For a Cold

March 11th, 2018

Take a quarter of a pint of horehound water a quarter of a pint of coltsfoot water a pound of reasons of the Sun Stoned pound the reasons very well then mingle these together then set them on the fire boyle them like marmolet then take it off and put it into 2 ounces of honey and one spoonfull mustard then set it on the fire & let it simer a while then put it into a pot and take as much as ye quantity of a walnut first in ye morning & last at night.

Source: A Book of Simples, H.W. Lewer

To Break Up A Cold

December 31st, 2017

When you feel the first symptoms, take a Dover’s powder with a glass of hot lemonade or whisky punch, go to bed, wrap up warm, and by morning you will be entirely relieved. In addition the feet should be bathed in hot mustard water.

Source: The Housekeeper’s Friend: A Practical Cookbook

Remedy for Lockjaw

December 23rd, 2017

If any person is threatened or taken with lockjaw from injuries of the arms, legs or feet, do not wait for a doctor, but put the part injured in the following preparation: Put hot wood-ashes into water as warm as can be borne; if the injured part cannot be put into water, then wet thick folded cloths in the water and apply them to the part as soon as possible, at the same time bathe the backbone from the neck down with some laxative stimulant–say cayenne pepper and water, or mustard and water (good vinegar is better than water); it should be as hot as the patient can bear it. Don’t hesitate; go to work and do it, and don’t stop until the jaws will come open. No person need die of lockjaw if these directions are followed.

Source: The White House Cookbook, F.L. Gillette

Chills

December 21st, 2017

Use heat. Apply hot-water bags under arms, on thighs and at feet. Give hot foot bath, in which is 1 tbsp. mustard. Rub limbs toward body, to restore circulation. Give hot coffee or tea, or hot lemonade. Wrap in blankets and put to bed. Chills indicate oncoming illness — see doctor!

Source: The Mary Frances First Aid Book, Jane Eayre Fryer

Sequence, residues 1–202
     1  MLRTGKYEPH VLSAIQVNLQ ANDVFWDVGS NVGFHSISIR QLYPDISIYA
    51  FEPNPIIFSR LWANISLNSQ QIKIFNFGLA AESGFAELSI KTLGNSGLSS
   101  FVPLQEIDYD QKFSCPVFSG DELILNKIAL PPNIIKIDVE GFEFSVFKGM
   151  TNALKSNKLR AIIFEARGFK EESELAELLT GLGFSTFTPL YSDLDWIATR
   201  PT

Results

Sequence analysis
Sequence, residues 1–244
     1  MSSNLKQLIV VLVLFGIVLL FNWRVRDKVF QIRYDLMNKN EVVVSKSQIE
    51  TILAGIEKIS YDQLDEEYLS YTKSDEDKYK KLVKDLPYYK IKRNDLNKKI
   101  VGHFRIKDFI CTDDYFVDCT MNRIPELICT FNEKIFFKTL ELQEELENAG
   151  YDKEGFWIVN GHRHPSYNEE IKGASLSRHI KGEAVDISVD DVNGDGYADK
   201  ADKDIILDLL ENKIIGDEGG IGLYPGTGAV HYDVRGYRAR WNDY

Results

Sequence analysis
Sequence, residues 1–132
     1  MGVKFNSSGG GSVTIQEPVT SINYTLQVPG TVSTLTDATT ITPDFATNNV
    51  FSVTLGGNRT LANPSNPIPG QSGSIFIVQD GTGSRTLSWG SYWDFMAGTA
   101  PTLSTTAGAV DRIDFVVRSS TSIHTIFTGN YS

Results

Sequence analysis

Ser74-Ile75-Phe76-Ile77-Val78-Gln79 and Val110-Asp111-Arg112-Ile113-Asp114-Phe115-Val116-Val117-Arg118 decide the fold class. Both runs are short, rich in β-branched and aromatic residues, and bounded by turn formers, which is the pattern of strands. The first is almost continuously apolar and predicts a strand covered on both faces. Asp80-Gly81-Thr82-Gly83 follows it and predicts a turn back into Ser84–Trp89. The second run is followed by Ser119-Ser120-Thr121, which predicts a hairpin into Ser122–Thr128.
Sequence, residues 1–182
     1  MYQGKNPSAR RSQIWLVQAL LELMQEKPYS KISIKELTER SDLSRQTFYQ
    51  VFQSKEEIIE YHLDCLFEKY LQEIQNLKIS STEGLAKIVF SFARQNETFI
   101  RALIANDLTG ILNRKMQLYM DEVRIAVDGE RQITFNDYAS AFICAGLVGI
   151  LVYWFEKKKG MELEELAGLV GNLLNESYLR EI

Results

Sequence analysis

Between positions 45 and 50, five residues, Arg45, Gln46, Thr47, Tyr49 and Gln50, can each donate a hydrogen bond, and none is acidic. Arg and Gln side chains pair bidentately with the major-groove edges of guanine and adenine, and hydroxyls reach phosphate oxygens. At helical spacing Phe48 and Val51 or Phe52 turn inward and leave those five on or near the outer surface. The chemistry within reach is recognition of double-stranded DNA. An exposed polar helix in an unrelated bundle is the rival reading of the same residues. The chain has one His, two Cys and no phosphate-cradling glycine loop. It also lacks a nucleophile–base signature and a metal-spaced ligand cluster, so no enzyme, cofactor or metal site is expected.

Hiccough

December 17th, 2017

Generally caused by indigestion.

Nine to fifteen swallows of water without taking a breath, or one or two soda-mint tablets, will generally give relief. If persistent, cause vomiting by tickling throat with fingers, or by swallowing a cup of warm water in which 1/2 tsp. mustard is dissolved.

Source: The Mary Frances First Aid Book, Jane Eayre Fryer

Mustard Plaster

October 20th, 2017

Use whites of eggs to mix a mustard plaster and it will not blister.

Source: 76: A Cook Book

Mustard Poultice

August 5th, 2017

Two ounces of dry mustard mixed with the whites of two eggs to a paste. Spread on a cloth in a thick paste and apply while it is fresh and wet.

Source: Civic League Cook Book

To Make A Mustard Plaster

April 29th, 2017

If you wish it to produce irritation immediately, mix some flour and water together quite stiff, spread this on your cloth and then sprinkle dry mustard on it quite thick, place a thin cloth over this and dampen with hot water. If you do not wish to raise a blister, mix the mustard up with the white of an egg and a little water. A poultice made in this way may be kept on an indefinite time without raising a blister.

Source: The Housekeeper’s Friend: A Practical Cookbook

A Cure for Chilblains

April 21st, 2017

The pulp of a baked turnip beat up in a tea-cup with a table-spoonful of salad oil, ditto of mustard, and ditto of scraped horse-radish; apply this mixture to the chilblains, and tie it on with a piece of rag.

Source: A Plain Cookery Book for the Working Classes, C.E. Francatelli

Croup

January 13th, 2017

A layer of onions sliced and brown sugar – a teaspoonful of the syrup is a dose. Put upon the chest a plaster of Scotch snuff. Grease a cloth three or four inches long, two or three wide ; sprinkle over it the snuff. Remove the plaster as soon as the stomach becomes nauseated.

The premonitory symptoms of croup are a shrill, sonorous cough, cold hands, and flushed face. The patient is not always sick, and is often gayer than usual. Use without delay a plaster of mustard upon the throat, or apply to the throat a strip of flannel dipped in turpentine or spirits of hartshorn. Give nauseating doses of hive syrup or syrup of squills. When these remedies are used promptly, they usually give relief.

Source: Mrs Hill’s New Cook-Book